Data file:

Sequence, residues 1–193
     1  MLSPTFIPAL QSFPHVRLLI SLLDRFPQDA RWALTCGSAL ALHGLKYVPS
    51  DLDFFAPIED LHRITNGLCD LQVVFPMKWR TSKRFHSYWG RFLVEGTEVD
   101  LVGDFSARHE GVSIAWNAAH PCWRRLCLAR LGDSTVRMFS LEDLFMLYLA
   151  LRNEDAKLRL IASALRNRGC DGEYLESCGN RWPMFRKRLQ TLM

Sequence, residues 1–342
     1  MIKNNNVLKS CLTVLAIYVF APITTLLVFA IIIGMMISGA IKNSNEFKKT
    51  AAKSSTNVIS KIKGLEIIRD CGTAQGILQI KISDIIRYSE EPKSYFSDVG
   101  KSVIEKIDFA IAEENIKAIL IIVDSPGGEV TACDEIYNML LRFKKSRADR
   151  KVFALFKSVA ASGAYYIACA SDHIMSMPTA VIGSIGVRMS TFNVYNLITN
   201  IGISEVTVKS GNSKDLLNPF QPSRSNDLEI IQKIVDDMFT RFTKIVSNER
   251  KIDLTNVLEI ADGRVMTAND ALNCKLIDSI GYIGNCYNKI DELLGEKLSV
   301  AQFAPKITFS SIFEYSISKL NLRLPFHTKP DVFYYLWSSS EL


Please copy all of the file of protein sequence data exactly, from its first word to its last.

Sequence, residues 1–193
     1  MLSPTFIPAL QSFPHVRLLI SLLDRFPQDA RWALTCGSAL ALHGLKYVPS
    51  DLDFFAPIED LHRITNGLCD LQVVFPMKWR TSKRFHSYWG RFLVEGTEVD
   101  LVGDFSARHE GVSIAWNAAH PCWRRLCLAR LGDSTVRMFS LEDLFMLYLA
   151  LRNEDAKLRL IASALRNRGC DGEYLESCGN RWPMFRKRLQ TLM

Sequence, residues 1–342
     1  MIKNNNVLKS CLTVLAIYVF APITTLLVFA IIIGMMISGA IKNSNEFKKT
    51  AAKSSTNVIS KIKGLEIIRD CGTAQGILQI KISDIIRYSE EPKSYFSDVG
   101  KSVIEKIDFA IAEENIKAIL IIVDSPGGEV TACDEIYNML LRFKKSRADR
   151  KVFALFKSVA ASGAYYIACA SDHIMSMPTA VIGSIGVRMS TFNVYNLITN
   201  IGISEVTVKS GNSKDLLNPF QPSRSNDLEI IQKIVDDMFT RFTKIVSNER
   251  KIDLTNVLEI ADGRVMTAND ALNCKLIDSI GYIGNCYNKI DELLGEKLSV
   301  AQFAPKITFS SIFEYSISKL NLRLPFHTKP DVFYYLWSSS EL